What to know about the student loan relief plan? Gen Z and Millennials won't be taking a backseat

They’re making their presence known in the culture, at the polls, and yes, in the workplace.

5 minutes

August 24, 2022 Adecco

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Americans currently hold more than $1.7 trillion in student loan debt, spanning across generations. However, Gen Z and millennials have been the loudest voices on how student loan debt has derailed their lives: 74% of Gen Z and 68% of millennials say it’s prevented them from making big financial decisions. That ranges from putting money away for retirement, saving for emergencies, buying a house – and even having children.


While financial experts are still debating about the loan forgiveness plan’s impact on the economy, it's signaling a major change that’s been happening in the American population and workforce: Gen Z and millennials are becoming a force that needs to be taken seriously.

What’s in the student loan forgiveness plan?

The Student Loan Debt Relief Plan is made up of three parts. The biggest headline though is loan forgiveness. Those making less than $125,000 a year (or $225,000 for households) will be eligible for up to $10,000 in debt cancellation for their federal loans. Those who received Pell Grants, which are awarded to undergrad students who show financial need, could have up to $20,000 forgiven.  

In addition, the Student Loan Debt Relief Plan will make it easier – for a limited amount of time – for borrowers to get their loans forgiven through the Public Service Loan Forgiveness program. This program is open to those working for nonprofits, the military, or the government for 10 years to have all of their student loans cancelled.

The new plan will also extend the pause on federal student loan payments, which began at the start of the COVID-19 pandemic, through December 31 of this year. Lastly, the relief plan will also change the income-based repayment plan for undergraduate loans. Borrowers can now cap their payments at 5% of their discretionary income. Previously, it was 10%.

Take notice of millennials and Gen Z

More than half of the national total population are millennials, Gen Z, or younger. And in under a decade, millennials alone will make up 75% of the workforce. They’re making their presence known in the culture, at the polls – and yes, in the workplace. The student loan forgiveness plan is another example that younger generations are getting more comfortable demanding what they want, and it’s becoming more and more inevitable that the employers, who dismiss their priorities or assume they’ll eventually “grow up,” might see themselves left behind. But what are millennials and Gen Z asking for?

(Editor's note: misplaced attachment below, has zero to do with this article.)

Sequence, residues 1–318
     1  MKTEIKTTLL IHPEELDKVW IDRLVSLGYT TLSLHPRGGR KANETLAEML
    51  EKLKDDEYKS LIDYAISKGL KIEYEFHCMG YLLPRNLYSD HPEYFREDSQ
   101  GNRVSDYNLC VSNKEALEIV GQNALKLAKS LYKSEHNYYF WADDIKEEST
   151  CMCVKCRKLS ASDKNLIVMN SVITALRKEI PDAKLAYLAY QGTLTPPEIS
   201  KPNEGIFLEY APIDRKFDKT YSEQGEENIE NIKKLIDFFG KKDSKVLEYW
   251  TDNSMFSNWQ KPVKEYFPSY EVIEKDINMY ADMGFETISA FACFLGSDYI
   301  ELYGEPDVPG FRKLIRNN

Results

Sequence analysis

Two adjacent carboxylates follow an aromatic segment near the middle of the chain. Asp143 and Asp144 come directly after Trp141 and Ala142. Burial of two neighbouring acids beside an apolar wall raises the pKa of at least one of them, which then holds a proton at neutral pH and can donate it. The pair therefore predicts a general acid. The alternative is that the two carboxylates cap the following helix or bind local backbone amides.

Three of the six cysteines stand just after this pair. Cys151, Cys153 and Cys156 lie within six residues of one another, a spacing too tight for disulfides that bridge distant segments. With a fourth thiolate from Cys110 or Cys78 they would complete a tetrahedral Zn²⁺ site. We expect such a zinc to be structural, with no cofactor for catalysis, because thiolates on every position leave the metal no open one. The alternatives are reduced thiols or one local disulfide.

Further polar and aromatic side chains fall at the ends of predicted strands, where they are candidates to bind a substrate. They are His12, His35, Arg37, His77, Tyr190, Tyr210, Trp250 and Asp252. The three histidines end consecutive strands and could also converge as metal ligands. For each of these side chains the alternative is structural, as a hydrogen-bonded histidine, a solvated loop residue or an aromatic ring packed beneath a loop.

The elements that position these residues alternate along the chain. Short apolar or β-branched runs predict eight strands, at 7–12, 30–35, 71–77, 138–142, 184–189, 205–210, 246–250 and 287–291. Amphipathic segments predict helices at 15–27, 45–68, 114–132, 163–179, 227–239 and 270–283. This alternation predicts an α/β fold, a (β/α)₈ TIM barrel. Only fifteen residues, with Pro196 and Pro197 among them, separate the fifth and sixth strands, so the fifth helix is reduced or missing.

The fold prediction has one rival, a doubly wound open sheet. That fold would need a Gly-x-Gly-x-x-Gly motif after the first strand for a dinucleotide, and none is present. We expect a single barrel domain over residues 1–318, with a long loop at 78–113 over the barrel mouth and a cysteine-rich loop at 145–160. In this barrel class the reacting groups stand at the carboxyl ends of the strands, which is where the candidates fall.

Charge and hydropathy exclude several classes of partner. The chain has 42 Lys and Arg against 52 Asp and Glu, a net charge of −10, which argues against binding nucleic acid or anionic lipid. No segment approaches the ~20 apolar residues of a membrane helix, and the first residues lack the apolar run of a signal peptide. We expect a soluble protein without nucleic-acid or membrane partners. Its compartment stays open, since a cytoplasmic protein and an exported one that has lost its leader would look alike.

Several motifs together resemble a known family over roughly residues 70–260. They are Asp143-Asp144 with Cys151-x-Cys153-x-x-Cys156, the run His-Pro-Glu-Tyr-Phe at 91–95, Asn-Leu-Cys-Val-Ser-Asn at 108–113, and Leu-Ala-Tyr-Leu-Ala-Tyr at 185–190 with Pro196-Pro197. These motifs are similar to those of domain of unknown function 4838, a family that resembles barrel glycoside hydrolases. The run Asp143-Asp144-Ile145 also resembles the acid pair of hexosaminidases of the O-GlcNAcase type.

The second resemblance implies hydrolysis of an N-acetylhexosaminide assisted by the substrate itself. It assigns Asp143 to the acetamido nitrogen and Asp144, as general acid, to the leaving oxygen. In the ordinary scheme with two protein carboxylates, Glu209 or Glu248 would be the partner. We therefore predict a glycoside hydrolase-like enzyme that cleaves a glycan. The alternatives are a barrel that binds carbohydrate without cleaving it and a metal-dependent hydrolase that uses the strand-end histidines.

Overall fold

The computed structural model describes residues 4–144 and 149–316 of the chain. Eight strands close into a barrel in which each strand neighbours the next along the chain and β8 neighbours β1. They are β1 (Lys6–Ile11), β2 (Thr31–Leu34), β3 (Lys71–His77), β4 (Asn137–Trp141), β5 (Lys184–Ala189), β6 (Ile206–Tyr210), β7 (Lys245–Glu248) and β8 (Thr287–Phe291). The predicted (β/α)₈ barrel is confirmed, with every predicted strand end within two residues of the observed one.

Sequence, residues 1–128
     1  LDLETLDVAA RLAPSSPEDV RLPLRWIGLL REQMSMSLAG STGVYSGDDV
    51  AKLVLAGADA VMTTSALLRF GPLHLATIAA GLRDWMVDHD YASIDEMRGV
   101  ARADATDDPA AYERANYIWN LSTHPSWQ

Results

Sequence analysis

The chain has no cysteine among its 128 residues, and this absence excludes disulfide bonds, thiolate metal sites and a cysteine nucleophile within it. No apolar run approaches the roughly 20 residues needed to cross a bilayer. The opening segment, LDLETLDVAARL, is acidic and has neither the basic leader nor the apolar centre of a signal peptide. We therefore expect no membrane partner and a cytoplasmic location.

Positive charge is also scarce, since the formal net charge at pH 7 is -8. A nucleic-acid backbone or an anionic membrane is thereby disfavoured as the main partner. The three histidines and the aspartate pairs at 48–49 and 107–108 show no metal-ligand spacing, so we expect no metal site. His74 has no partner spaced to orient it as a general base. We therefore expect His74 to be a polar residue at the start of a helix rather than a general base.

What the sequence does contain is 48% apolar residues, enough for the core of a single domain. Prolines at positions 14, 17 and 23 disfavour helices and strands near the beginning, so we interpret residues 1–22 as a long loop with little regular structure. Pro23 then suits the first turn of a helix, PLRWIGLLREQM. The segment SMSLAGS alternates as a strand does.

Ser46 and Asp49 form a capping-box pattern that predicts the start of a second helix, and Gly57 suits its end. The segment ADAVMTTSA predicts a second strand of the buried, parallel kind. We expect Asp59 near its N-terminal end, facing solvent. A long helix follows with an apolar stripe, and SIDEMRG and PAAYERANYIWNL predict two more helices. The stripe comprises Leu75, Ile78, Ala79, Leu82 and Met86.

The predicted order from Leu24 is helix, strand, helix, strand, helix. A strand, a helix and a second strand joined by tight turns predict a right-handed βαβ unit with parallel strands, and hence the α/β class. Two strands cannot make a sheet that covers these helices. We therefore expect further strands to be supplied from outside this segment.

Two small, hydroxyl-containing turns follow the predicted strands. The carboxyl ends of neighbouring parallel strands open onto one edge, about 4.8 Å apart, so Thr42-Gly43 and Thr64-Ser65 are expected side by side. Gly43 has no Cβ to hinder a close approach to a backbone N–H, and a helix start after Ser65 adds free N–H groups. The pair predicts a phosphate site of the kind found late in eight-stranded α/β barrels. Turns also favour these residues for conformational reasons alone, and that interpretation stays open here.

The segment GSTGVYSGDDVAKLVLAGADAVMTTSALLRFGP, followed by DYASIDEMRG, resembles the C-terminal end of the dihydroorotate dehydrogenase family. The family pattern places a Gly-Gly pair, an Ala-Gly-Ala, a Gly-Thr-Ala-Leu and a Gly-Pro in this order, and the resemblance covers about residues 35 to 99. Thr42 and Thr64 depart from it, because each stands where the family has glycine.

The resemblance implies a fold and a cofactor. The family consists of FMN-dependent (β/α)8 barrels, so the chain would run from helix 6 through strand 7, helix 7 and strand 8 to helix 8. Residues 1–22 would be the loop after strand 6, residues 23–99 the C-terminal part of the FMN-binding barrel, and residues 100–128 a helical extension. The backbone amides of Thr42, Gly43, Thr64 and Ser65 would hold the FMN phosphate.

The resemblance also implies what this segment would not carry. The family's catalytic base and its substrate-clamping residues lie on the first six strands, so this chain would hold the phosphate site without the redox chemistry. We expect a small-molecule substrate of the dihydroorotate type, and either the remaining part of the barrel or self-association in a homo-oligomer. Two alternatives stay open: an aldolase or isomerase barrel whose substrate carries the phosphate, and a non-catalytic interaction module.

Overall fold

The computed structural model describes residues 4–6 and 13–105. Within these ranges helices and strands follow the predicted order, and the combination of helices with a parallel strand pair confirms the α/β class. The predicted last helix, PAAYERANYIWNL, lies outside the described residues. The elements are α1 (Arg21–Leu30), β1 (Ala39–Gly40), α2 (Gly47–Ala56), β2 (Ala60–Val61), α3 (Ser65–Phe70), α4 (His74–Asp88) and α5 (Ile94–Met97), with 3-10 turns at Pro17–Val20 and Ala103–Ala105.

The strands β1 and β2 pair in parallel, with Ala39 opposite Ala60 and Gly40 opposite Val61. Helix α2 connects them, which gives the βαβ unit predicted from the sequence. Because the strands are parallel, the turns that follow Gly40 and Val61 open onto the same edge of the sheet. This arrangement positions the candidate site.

Committing to social causes

What’s your organization’s commitment to going green? More than 40% of Gen Z and millennials are pressuring their employers to make changes to fight climate change. What about income inequality or diversity and inclusion? Is your organization having a net positive or negative impact in the larger world? If you think it doesn’t matter, you might need to reconsider. One study found that 2 in 5 Gen Zers and millennials have declined a job opportunity because it didn’t align with their values, so now might be the time to reevaluate your organization’s policies and bigger purpose.

Finding work/life balance

Younger workers are signaling that they’re done with “hustling.” The disruption caused by COVID-19 and the cultural shift from the Great Resignation has left many younger workers rethinking their commitment to “the grind.” Almost half of Gen Z and almost 40% of millennials say they’re stressed most or all of the time. To help, employers can start by embracing hybrid work schedules and taking steps to prevent overworking.

Making connections

Since the start of the pandemic, younger workers are reporting being the most stressed and isolated from working remotely full time. Mentorship and cross training are critical programs for employers to adopt. They allow millennial and Gen Z employees to not just build relationships with more experienced workers, but to also start exploring what their own career path could look like. (One study finds that 86% of young people say that it’s important their supervisors give them opportunities to grow.)

Dropping employer loyalty

Job hopping is the norm for millennials and Gen Z. On average, Gen Z spends a little over two years in job, and millennials only stay for 6 months longer than that. Gone are the days of expecting job candidates who have resumes with long stays at the same company. Instead, younger workers are using job hopping as a way to advance their careers (and salaries) quickly. This means it’s important for employers adopt strong retention policies and to understand that the old measures of a strong candidate profile may no longer apply.

Adecco is here to help

When asked about why they left jobs in the past two years, Gen Z and millennials pointed to low pay, the impact their job had on their mental health, and burnout. For employers, that means it’s time to start making changes to your culture and your expectations.

With decades of experience in staffing, we’re more than equipped to help you make that change in your hiring process, onboarding, and retention strategies. We’ve developed successful HR solutions for businesses across the country, but to learn how we can support your team and its needs, contact us today